On a serious note, my thoughts and good wishes go out to the people in San Bruno affected by this horrific disaster. A couple of my friends live in the area, though fortunately not close to the site of the explosion. From the Bay Citizen:
As rescue workers and a dozen police dogs combed the smoldering Crestmoor neighborhood in San Bruno for bodies, federal agents opened an investigation into the cause of Thursday’s natural gas explosion. The death toll climbed to four, with more than 50 people injured and an unknown number still missing.
The morning-after picture of the disaster was one of charred devastation, with an entire residential enclave reduced to ash. Officials said that 38 homes were destroyed, down from an original estimate of 53, and seven more were severely damaged. A growing army of government agencies and volunteers was descending on a San Bruno community center to assist with the aftermath.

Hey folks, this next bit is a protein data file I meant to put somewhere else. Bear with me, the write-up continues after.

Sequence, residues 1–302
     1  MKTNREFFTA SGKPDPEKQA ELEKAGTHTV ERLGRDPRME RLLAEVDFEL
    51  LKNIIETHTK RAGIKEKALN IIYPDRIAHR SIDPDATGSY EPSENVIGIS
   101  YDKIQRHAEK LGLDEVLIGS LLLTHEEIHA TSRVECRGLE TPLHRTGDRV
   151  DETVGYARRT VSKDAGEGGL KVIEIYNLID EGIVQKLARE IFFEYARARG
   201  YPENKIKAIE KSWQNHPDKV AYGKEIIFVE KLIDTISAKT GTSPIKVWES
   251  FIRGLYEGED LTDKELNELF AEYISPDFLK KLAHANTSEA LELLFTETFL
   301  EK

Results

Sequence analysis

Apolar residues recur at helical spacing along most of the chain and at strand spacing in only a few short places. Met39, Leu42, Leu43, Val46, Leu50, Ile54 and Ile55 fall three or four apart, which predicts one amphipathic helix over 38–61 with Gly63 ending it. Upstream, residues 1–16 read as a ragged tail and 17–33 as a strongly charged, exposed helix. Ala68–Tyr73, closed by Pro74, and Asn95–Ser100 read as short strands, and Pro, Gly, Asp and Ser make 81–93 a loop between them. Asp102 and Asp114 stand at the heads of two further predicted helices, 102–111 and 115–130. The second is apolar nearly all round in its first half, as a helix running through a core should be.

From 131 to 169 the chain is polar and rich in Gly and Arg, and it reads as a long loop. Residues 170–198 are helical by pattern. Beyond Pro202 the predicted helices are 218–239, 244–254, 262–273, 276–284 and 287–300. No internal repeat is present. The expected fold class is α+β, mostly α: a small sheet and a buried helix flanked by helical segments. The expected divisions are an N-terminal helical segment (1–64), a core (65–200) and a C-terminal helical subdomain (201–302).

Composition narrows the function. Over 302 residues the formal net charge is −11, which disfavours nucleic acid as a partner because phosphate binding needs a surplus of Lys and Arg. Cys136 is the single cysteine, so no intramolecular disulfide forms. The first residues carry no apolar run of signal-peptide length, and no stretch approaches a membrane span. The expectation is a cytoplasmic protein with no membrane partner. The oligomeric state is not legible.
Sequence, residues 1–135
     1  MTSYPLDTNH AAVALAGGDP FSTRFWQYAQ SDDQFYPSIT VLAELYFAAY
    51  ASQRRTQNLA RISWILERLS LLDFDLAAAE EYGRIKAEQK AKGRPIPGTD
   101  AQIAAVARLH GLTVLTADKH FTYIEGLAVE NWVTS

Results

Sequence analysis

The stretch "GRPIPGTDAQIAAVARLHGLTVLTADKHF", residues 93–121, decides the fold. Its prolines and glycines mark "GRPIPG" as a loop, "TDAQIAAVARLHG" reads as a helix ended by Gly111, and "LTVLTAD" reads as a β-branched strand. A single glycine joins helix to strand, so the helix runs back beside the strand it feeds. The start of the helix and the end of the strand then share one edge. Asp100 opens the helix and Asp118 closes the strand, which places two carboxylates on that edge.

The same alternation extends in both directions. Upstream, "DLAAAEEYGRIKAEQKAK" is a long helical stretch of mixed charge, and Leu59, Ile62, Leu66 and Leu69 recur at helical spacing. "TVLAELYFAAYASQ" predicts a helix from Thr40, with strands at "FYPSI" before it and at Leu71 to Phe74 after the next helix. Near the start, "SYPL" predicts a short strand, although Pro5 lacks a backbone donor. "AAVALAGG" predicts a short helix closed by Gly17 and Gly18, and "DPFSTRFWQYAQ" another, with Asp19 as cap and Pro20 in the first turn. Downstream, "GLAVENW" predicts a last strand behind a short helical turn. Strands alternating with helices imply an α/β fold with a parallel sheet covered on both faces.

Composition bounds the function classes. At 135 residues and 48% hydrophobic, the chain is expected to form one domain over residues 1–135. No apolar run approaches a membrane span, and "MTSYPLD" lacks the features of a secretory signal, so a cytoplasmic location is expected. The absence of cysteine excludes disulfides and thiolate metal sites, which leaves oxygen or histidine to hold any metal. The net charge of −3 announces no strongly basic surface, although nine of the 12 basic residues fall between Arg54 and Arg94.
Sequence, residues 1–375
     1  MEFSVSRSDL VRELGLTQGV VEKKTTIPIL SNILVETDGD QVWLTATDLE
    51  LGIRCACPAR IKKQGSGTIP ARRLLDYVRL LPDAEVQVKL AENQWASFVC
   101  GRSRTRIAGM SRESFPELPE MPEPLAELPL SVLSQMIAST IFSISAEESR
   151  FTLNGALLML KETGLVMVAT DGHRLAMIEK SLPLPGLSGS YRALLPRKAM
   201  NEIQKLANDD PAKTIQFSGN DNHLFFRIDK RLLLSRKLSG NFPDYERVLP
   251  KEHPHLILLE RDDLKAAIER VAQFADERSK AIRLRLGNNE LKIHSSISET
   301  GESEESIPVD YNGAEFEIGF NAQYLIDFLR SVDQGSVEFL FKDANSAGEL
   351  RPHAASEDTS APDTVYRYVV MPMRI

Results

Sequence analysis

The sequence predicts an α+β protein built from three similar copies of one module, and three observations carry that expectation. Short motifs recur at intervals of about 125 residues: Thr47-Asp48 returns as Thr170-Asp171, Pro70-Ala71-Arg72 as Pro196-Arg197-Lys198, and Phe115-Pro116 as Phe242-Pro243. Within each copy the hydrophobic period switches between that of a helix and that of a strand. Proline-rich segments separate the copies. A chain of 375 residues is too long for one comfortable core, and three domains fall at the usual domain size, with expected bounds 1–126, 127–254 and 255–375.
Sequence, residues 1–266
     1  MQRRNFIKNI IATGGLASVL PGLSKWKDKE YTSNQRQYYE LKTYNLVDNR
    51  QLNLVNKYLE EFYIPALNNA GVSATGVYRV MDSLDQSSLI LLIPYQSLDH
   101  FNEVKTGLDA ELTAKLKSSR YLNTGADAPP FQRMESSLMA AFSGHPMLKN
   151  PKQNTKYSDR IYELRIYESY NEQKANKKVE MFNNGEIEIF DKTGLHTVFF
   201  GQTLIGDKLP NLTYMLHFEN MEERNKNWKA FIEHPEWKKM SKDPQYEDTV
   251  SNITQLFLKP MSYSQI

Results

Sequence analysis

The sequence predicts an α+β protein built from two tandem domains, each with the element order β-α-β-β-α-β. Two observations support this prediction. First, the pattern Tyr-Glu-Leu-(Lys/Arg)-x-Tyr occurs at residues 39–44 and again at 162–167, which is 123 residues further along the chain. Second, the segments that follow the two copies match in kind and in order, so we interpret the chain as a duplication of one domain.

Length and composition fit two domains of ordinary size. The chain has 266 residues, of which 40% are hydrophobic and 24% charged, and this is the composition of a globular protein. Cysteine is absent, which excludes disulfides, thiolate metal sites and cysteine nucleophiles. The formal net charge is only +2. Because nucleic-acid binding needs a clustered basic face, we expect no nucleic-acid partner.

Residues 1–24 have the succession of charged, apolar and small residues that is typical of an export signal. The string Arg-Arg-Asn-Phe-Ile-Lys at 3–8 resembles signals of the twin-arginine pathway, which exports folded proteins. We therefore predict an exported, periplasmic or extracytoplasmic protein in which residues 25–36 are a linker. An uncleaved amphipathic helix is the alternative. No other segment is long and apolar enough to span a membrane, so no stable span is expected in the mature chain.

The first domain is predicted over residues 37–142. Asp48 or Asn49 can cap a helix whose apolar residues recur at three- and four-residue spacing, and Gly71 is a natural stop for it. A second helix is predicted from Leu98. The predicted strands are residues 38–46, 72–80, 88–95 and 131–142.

By 2 p.m., the fire was reported to be fully contained with a few hot spots, according to the city’s fire chief, and search teams had covered 75 percent of the area looking for victims, with the rest of the area still too hot to enter.
PG&E said gas to the area had been turned off, but company officials refused to disclose how long it took to shut down the flow of gas that stoked the raging fire well into the evening after the blast occurred shortly after 6 p.m.
Investigators from the National Transportation Safety Board joined others from the California Public Utilities Commission to try to sort out what happened, as a growing number of residents complained that PG&E knew of a leak and may even have performed work in the area in the days leading up to the disaster.
Besides the possible PG&E culpability, this really stuck out for me:
Hill said the pipe that ruptured was installed in 1948.
As Atrios points out:
Aside from the accountability/responsibility issue, it’s also a wee reminder that our infrastructure is old and crumbling, and the impacts of that can range from troubling to catastrophic…